This paper addresses RoboCupJunior, an educational robotics initiative that aims to enhance learning through educational robotics activities around the world. RoboCupJunior is a division of RoboCup, a Robotics initiative that aims to promote Robotics and AI research, by offering publicly appealing, but formidable challenges. RoboCupJunior has three distinguished leagues - Soccer, Rescue and Dance, that attract students from all the continents. However, Africa has not taken significant advantage of this initiative, with a rather low participation of a few African countries, only. Therefore, this paper aims to introduce and promote educational robotics to students in Africa in a more generalized way, with possible suggestions to make the initiative successful in the region, in the future. © 2013 IEEE.
Eguchi A.,Bloomfield College
Robotics and Autonomous Systems | Year: 2015
RoboCupJunior is an international educational robotics initiative, aiming to promote STEM content and skill learning among participating youth through educational robotics competition inaugurated in 2000. What makes RoboCupJunior quite unique is its relationship with RoboCup which aims to promote robotics and AI research, by offering a publicly appealing, but formidable challenge including development of soccer robots, search and rescue robots, and robots functions at home and at work. This paper introduces a case of RoboCupJunior and the effectiveness of its practice for enhancing learning of STEM contents and skills for innovation and creativity among participating students. It presents the survey results from one of the World Championships held in 2012, the anecdotal and personal account of participating US students on their learning experience from their participation in 2013 World Championship, and participating students' technological and innovative contributions to highlight the impacts RoboCupJunior has had through over a decade of its practice. © 2015 Elsevier B.V.
Stefan A.,Bloomfield College |
Samoila C.,Transilvania University of Brasov |
Ursutiu D.,Bloomfield College
2011 IEEE Global Engineering Education Conference, EDUCON 2011 | Year: 2011
Contemporary microwave circuit design is based on EM simulations and complex simulation models. Simulation model design is a must for growing number of devices and systems for which theoretical (e.g., analytical) models are either not available or not sufficiently accurate to yield the design satisfying given performance requirements. As prototype manufacture is very costly, the use of computer simulations has become commonplace as a feasible alternative for manufactures and also for education. Accurate numerical evaluations are computationally expensive; particularly for complex microwave/microstrip structures and computationally efficient EM-driven design optimization can be realized using physically based behavioral models. © 2011 IEEE.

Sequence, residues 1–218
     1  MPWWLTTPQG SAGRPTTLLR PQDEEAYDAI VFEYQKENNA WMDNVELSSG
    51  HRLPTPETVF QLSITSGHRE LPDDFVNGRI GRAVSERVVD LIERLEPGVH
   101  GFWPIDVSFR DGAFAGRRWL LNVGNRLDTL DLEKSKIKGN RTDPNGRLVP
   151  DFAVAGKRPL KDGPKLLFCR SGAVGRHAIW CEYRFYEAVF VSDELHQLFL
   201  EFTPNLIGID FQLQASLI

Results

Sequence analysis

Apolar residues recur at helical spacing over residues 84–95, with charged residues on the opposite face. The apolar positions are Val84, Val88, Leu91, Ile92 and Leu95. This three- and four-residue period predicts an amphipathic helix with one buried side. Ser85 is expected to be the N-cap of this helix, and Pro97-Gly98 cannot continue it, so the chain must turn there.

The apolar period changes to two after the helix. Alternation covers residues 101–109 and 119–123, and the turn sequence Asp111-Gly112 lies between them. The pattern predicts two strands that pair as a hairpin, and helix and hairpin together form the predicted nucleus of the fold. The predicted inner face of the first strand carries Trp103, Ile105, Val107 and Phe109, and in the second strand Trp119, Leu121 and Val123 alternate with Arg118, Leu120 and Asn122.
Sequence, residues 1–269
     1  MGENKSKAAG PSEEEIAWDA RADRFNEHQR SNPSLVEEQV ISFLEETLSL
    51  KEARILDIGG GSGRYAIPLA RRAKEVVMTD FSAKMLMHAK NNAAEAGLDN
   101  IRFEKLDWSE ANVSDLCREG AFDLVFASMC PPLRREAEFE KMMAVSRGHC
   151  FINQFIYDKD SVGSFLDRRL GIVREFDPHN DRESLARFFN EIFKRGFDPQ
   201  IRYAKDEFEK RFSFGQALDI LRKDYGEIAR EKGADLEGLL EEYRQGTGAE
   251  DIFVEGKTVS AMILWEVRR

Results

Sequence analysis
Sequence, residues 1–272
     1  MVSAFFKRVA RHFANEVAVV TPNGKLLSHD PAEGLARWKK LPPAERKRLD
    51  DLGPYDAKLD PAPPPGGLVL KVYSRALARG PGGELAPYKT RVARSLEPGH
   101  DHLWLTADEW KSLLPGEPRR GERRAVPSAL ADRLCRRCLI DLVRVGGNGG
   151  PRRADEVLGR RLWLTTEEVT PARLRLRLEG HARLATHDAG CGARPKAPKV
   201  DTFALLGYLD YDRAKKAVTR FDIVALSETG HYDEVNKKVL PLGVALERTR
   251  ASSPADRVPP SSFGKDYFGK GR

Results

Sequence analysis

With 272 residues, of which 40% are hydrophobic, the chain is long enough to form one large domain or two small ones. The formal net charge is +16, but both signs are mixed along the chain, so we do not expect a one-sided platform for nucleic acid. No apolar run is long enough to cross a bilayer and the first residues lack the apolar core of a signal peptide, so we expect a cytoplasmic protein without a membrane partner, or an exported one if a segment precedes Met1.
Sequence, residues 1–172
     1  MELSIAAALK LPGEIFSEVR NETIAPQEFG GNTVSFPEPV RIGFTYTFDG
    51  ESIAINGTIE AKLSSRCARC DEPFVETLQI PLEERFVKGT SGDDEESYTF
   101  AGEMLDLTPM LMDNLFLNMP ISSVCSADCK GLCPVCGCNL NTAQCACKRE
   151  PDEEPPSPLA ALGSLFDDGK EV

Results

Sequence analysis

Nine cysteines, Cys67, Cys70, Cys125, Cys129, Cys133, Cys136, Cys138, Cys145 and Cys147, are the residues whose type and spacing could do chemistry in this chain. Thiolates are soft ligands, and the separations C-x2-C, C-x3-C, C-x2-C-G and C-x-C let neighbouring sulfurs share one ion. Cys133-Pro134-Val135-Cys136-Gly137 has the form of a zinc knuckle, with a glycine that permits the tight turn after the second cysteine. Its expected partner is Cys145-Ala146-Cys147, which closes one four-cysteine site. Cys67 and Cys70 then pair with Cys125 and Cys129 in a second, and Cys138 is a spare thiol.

Agency: NSF | Branch: Continuing grant | Program: | Phase: LAW AND SOCIAL SCIENCES | Award Amount: 92.82K | Year: 2010
Advanced technologies are embraced by people and governments the world over as a primary means for providing security. From metal detectors housed at school entrances to crime analysis software installed in police computers, investment in security technologies reflects a faith in technological devices to provide safety from diverse threats. While ubiquitous in society, little is known about how security technologies affect people?s relation to the law. In other words, do pedestrians who walk on streets or immigrants who send remittances home comply with the regulations security technologies enforce? How their relationship to regulation and authority is more broadly affected?
This project investigates this question by examining REPUVE (Registro Público Vehicular), a federally-run vehicle registration program in Mexico that aims to reduce motor vehicle crime by adhering a radio-frequency identification (RFID) device to every vehicle in the country. To understand how REPUVE affects peoples relation to the law, the principal investigator (PI) will conduct field research in Mexico. This includes interviewing employees at Neology, the manufacturer of REPUVEs RFID devices; members of the Executive Secretary of the National Public Security System (SNSP), the government agency overseeing the program; car dealers and insurance providers, who are responsible for registering users and distributing the RFID devices; and car owners. Observations will also be conducted at toll booths throughout the country, where sensors are mounted to read the RFID devices.
This project aims to contribute to social science analyses of privacy and security. It will train undergraduate students in qualitative research methods. The research draws its importance from addressing a central question concerning the heightened resort to security technologies in contemporary society as well as focusing on Mexico, a country that beyond experiencing heightened insecurity in recent years has traditionally not figured centrally in socio-legal and science and technology studies.
Blank USB flash drives; sunglasses; decorative magnets. Pens and highlighter pens; note pads and notebooks; paper weights; decals. Tote bags, messenger bags, backpacks. Mugs, coffee cups, glass beverageware, water bottles sold empty. Clothing, namely, shirts, sweaters, sweatshirts, sweatpants, jackets, hats, scarves, gloves, socks; athletic tops and bottoms for baseball, softball, basketball, volleyball, soccer, tennis and running. Stuffed toys; stress relief balls for hand exercise; inflatable toys. Educational services, namely, providing courses of instruction at the college and post-graduate levels and distribution of course materials in connection therewith; organizing and conducting college sport competitions and athletic events; entertainment in the nature of performances and live appearances by a costumed school mascot at athletic events, exhibitions and competitions and university or community events.